People stranded at a flooded offshore airport overnight returned by boat and bus to the Japanese mainland Wednesday morning after a typhoon swept across part of Japan's main island.
Japanese broadcaster NHK showed aerial footage of the boat and a caravan of buses transporting about 3,000 people from Kansai International Airport across a partially damaged bridge under sunny skies. The airport that serves Osaka, one of Japan's largest cities, remains closed.
Typhoon Jebi peeled roofs off buildings, toppled power poles and damaged businesses as it crossed Japan's main island Tuesday. Japanese media tallied at least nine deaths, and the Fire and Disaster Management Agency said more than 200 people were injured.
More than a million households remained without power Wednesday morning.
Strongest typhoon in 25 years
Jebi, reportedly the strongest typhoon to make landfall in Japan since 1993, has been downgraded to a tropical storm and is heading north of Japan.
Kansai International Airport is built on artificial islands in Osaka Bay, and the high seas flooded one of its two runways, cargo storage and other facilities, said the Ministry of Land, Infrastructure, Transport and Tourism. One passenger was slightly injured by shards from a window shattered by the storm.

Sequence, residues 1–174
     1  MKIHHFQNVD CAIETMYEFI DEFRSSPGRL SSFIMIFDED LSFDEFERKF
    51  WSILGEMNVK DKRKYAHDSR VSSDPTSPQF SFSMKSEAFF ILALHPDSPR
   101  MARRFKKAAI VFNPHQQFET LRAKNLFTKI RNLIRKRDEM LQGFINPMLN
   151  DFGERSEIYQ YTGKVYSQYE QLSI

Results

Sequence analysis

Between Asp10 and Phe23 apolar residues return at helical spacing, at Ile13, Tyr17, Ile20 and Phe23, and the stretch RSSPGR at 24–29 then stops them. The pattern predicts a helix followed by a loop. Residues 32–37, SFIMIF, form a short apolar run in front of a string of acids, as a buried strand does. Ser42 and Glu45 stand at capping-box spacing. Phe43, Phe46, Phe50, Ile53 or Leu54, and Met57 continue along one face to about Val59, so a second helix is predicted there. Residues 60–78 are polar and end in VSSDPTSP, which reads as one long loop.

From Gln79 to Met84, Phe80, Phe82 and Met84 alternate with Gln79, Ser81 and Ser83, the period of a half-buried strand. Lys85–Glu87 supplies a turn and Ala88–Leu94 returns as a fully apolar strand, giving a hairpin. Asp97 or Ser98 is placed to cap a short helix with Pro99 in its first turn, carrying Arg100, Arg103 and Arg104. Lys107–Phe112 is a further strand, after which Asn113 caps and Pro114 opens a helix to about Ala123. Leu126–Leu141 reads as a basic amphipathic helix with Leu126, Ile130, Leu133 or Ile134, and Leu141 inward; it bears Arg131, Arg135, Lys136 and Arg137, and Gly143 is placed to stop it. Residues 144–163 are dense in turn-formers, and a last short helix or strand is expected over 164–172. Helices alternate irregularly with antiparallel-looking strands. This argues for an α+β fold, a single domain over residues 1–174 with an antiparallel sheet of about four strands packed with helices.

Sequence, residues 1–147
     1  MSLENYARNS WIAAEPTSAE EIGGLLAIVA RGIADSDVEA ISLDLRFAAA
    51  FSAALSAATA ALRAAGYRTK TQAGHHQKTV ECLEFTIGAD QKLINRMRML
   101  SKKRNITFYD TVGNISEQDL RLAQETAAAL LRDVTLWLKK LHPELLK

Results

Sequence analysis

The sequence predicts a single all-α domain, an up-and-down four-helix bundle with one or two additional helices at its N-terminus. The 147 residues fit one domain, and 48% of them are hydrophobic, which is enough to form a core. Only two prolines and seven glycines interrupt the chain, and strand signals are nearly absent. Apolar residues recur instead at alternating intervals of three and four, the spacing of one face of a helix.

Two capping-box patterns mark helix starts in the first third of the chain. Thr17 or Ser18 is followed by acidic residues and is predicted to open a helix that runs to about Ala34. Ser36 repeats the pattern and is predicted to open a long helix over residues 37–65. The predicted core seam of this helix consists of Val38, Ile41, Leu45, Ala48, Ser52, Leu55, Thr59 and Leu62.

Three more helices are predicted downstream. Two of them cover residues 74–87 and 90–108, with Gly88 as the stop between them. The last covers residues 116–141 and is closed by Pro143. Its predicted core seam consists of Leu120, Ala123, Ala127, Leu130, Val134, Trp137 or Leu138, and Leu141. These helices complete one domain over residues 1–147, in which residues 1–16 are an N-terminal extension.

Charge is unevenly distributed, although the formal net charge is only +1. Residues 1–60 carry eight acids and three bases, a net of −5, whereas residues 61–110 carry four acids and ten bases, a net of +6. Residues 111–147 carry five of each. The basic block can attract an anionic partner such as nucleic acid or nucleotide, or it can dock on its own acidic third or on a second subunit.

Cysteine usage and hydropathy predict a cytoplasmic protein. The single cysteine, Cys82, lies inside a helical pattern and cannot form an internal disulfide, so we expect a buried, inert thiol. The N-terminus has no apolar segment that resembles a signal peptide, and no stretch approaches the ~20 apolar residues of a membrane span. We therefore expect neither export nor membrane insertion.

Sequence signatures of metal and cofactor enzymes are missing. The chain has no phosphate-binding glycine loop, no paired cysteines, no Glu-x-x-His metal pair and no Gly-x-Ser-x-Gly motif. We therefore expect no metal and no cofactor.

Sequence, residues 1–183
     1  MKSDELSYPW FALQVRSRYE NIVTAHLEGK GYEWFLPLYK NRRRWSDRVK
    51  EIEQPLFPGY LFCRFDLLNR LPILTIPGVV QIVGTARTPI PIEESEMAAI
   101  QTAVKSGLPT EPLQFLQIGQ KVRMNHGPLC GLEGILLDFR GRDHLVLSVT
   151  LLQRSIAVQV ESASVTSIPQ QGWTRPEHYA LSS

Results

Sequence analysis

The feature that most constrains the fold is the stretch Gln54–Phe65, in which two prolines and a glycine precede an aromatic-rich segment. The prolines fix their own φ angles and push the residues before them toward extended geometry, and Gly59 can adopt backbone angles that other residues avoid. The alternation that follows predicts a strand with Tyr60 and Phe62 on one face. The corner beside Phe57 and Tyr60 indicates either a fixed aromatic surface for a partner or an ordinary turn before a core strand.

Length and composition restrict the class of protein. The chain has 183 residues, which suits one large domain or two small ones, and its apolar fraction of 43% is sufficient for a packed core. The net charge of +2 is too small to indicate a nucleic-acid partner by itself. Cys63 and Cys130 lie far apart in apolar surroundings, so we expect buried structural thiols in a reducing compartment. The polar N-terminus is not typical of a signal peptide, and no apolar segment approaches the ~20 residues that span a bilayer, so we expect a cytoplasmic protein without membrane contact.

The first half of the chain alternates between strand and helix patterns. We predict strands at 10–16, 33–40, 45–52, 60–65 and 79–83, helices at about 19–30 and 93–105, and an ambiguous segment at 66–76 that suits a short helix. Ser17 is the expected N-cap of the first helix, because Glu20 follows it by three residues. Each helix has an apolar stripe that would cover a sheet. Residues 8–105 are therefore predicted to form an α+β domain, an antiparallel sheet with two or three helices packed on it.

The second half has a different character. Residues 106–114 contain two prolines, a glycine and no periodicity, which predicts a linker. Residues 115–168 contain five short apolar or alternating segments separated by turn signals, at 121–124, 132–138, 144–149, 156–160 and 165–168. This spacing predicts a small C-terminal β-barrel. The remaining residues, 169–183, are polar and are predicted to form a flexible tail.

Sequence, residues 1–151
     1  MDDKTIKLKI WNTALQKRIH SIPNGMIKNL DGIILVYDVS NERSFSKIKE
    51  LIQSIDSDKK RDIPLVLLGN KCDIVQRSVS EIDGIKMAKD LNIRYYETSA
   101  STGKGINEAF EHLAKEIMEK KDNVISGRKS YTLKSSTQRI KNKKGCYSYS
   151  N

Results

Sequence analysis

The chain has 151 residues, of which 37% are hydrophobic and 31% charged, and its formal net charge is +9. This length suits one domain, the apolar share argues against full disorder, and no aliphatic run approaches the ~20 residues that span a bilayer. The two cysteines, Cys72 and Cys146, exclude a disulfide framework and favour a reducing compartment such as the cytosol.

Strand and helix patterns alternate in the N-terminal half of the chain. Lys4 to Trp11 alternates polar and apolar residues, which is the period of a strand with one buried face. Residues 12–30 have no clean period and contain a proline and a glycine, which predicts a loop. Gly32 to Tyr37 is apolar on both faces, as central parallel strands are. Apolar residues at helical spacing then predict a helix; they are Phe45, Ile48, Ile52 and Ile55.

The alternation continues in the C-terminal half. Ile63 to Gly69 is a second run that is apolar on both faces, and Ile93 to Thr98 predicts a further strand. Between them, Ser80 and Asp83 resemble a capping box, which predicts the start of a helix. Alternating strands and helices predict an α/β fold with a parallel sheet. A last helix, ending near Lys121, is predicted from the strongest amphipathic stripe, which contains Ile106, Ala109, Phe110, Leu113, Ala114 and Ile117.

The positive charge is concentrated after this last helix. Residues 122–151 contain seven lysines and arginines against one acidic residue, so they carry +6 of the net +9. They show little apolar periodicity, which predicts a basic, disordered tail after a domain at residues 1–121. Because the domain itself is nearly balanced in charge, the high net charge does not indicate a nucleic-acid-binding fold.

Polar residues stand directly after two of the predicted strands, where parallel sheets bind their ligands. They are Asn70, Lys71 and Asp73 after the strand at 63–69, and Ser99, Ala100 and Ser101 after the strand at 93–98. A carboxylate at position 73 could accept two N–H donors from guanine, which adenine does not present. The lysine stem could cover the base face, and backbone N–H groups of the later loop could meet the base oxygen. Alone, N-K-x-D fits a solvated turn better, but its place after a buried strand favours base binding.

The storm is blamed for driving this tanker into the bridge linking Kansai International Airport with the mainland near Osaka in western Japan. (Jiji Press/EPA-EFE)
A tanker that was mooring slammed into the side of a bridge connecting the airport to the mainland, damaging the bridge and leaving people stranded overnight, transport ministry official Mitsuo Nakao said.
The tanker was also damaged, but its 11 crewmembers were not injured, according to the coast guard.
Several deaths from people falling
The heavily damaged ship has been pulled away from the bridge into nearby open waters.
The deaths included a man in his 70s who was blown to the ground from his apartment in Osaka prefecture. Police said five others died elsewhere in the prefecture after being hit by flying objects or falling from their apartments. In nearby Shiga prefecture, a 71-year-old man died when a storage building collapsed on him, and a man in his 70s died after falling from a roof in Mie, officials said.
Kansai International Airport in Osaka partially was flooded by the typhoon, cutting power and grounding hundreds of flights. (Nobuki Ito/Kyodo News/Associated Press)
Daihatsu Motor Co. stopped production at its Kyoto and Osaka factories, while Panasonic halted work at its air conditioning and refrigerator factory in Shiga. Major beverage maker Kirin Co. suspended production at its brewery in Kobe, according to Kyodo News agency.
In nearby Nishinomiya in Hyogo prefecture, about 100 cars at a seaside dealership burned after their electrical systems were shorted out by sea water, fire officials and news reports said.
In Osaka, the Universal Studios Japan theme park remained closed for a second straight day. A news release said it would open again on Thursday.
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